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Yin, N. Emanuel Syndrome. Encyclopedia. Available online: (accessed on 21 April 2024).
Yin N. Emanuel Syndrome. Encyclopedia. Available at: Accessed April 21, 2024.
Yin, Nicole. "Emanuel Syndrome" Encyclopedia, (accessed April 21, 2024).
Yin, N. (2020, December 25). Emanuel Syndrome. In Encyclopedia.
Yin, Nicole. "Emanuel Syndrome." Encyclopedia. Web. 25 December, 2020.
Emanuel Syndrome

Emanuel syndrome is a chromosomal disorder that disrupts normal development and affects many parts of the body. Infants with Emanuel syndrome have weak muscle tone (hypotonia) and fail to gain weight and grow at the expected rate (failure to thrive). Their development is significantly delayed, and most affected individuals have severe to profound intellectual disability.


genetic conditions

1. Introduction

Other features of Emanuel syndrome include an unusually small head (microcephaly), distinctive facial features, and a small lower jaw (micrognathia). Ear abnormalities are common, including small holes in the skin just in front of the ears (preauricular pits or sinuses). About half of all affected infants are born with an opening in the roof of the mouth (cleft palate) or a high arched palate. Males with Emanuel syndrome often have genital abnormalities. Additional signs of this condition can include heart defects and absent or unusually small (hypoplastic) kidneys; these problems can be life-threatening in infancy or childhood.

2. Frequency

Emanuel syndrome is a rare disorder; its prevalence is unknown. More than 100 individuals with this condition have been reported.

3. Causes

Emanuel syndrome is caused by the presence of extra genetic material from chromosome 11 and chromosome 22 in each cell. In addition to the usual 46 chromosomes, people with Emanuel syndrome have an extra (supernumerary) chromosome consisting of a piece of chromosome 11 attached to a piece of chromosome 22. The extra chromosome is known as a derivative 22 or der(22) chromosome.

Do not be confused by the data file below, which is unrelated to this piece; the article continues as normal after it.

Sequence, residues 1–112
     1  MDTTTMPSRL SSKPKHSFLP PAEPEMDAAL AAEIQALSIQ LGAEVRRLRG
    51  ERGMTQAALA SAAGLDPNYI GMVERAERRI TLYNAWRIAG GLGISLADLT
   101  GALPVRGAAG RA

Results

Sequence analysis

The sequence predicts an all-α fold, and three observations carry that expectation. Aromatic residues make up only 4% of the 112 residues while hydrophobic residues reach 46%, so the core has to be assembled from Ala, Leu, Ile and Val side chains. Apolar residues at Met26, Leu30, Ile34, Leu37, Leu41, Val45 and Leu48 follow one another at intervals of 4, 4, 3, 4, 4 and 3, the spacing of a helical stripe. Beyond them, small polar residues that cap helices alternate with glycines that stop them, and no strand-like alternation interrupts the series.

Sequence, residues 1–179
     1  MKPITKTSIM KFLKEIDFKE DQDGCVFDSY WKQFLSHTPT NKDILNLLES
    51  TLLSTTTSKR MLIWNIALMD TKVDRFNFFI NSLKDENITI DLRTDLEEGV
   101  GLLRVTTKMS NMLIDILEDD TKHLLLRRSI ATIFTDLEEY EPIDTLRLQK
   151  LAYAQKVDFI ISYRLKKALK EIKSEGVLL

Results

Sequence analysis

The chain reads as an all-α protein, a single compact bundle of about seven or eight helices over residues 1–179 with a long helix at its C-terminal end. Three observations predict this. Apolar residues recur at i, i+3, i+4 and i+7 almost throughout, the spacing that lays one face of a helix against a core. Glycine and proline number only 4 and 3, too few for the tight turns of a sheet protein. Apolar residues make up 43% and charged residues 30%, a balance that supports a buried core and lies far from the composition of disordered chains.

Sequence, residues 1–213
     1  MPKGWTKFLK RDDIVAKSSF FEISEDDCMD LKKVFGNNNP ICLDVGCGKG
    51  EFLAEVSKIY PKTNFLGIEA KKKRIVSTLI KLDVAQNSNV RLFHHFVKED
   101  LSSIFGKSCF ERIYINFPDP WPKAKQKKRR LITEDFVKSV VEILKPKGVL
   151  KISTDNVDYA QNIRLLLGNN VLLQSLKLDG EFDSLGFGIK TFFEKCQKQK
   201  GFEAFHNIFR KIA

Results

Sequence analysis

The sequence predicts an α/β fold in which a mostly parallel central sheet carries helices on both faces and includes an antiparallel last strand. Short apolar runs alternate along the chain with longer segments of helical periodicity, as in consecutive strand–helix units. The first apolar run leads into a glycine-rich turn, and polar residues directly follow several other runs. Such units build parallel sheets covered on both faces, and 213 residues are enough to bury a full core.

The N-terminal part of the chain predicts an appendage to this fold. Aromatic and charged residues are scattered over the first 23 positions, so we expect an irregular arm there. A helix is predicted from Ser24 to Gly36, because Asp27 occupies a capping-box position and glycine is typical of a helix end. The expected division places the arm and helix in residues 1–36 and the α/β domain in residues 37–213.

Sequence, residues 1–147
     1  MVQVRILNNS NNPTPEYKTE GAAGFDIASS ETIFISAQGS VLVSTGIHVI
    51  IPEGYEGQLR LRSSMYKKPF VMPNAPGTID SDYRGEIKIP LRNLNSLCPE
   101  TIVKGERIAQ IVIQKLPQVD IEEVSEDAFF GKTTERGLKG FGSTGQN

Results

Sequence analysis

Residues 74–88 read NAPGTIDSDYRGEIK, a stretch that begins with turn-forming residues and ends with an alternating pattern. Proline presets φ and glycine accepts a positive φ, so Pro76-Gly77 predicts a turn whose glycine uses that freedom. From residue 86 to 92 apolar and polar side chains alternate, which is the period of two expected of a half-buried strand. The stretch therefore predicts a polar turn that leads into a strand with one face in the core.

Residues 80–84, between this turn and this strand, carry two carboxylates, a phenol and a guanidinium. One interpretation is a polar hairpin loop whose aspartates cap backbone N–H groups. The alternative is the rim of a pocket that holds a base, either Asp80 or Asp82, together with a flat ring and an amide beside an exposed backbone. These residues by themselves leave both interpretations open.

As a result of the extra chromosome, people with Emanuel syndrome have three copies of some genes in each cell instead of the usual two copies. The excess genetic material disrupts the normal course of development, leading to the characteristic signs and symptoms of this disorder. Researchers are working to determine which genes are included on the der(22) chromosome and what role these genes play in development.

4. Inheritance

Almost everyone with Emanuel syndrome inherits the der(22) chromosome from an unaffected parent. The parent carries a chromosomal rearrangement between chromosomes 11 and 22 called a balanced translocation. No genetic material is gained or lost in a balanced translocation, so these chromosomal changes usually do not cause any health problems. However, translocations can become unbalanced as they are passed to the next generation. Individuals with Emanuel syndrome inherit an unbalanced translocation between chromosomes 11 and 22 that introduces extra genetic material in the form of the der(22) chromosome. This extra genetic material causes birth defects and the other health problems characteristic of this disorder.

5. Other Names for This Condition

  • Der(22) syndrome due to 3:1 meiotic disjunction events
  • supernumerary der(22) syndrome
  • supernumerary der(22)t(11;22) syndrome
  • supernumerary derivative 22 chromosome syndrome


  1. Carter MT, St Pierre SA, Zackai EH, Emanuel BS, Boycott KM. Phenotypicdelineation of Emanuel syndrome (supernumerary derivative 22 syndrome): Clinical features of 63 individuals. Am J Med Genet A. 2009 Aug;149A(8):1712-21. doi:10.1002/ajmg.a.32957.
  2. Emanuel BS, Zackai EH, Medne L. Emanuel Syndrome. 2007 Apr 20 [updated 2017Aug 31]. In: Adam MP, Ardinger HH, Pagon RA, Wallace SE, Bean LJH, Stephens K,Amemiya A, editors. GeneReviews® [Internet]. Seattle (WA): University ofWashington, Seattle; 1993-2020. Available from
  3. Fraccaro M, Lindsten J, Ford CE, Iselius L. The 11q;22q translocation: aEuropean collaborative analysis of 43 cases. Hum Genet. 1980;56(1):21-51.
  4. Iselius L, Lindsten J, Aurias A, Fraccaro M, Bastard C, Bottelli AM, Bui TH,Caufin D, Dalprà L, Delendi N, et al. The 11q;22q translocation: a collaborative study of 20 new cases and analysis of 110 families. Hum Genet. 1983;64(4):343-55.
  5. McDermid HE, Morrow BE. Genomic disorders on 22q11. Am J Hum Genet. 2002May;70(5):1077-88.
  6. Prieto JC, Garcia NM, Elder FF, Zinn AR, Baker LA. Phenotypic expansion of thesupernumerary derivative (22) chromosome syndrome: VACTERL and Hirschsprung'sdisease. J Pediatr Surg. 2007 Nov;42(11):1928-32.
  7. Shaikh TH, Budarf ML, Celle L, Zackai EH, Emanuel BS. Clustered 11q23 and22q11 breakpoints and 3:1 meiotic malsegregation in multiple unrelated t(11;22)families. Am J Hum Genet. 1999 Dec;65(6):1595-607.
  8. Zackai EH, Emanuel BS. Site-specific reciprocal translocation, t(11;22)(q23;q11), in several unrelated families with 3:1 meiotic disjunction. Am J MedGenet. 1980;7(4):507-21.
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Update Date: 25 Dec 2020